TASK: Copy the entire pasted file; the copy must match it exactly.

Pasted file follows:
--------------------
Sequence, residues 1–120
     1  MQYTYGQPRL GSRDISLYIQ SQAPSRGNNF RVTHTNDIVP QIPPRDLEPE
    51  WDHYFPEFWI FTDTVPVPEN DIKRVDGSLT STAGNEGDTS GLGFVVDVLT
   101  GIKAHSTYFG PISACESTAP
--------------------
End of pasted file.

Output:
Sequence, residues 1–120
     1  MQYTYGQPRL GSRDISLYIQ SQAPSRGNNF RVTHTNDIVP QIPPRDLEPE
    51  WDHYFPEFWI FTDTVPVPEN DIKRVDGSLT STAGNEGDTS GLGFVVDVLT
   101  GIKAHSTYFG PISACESTAP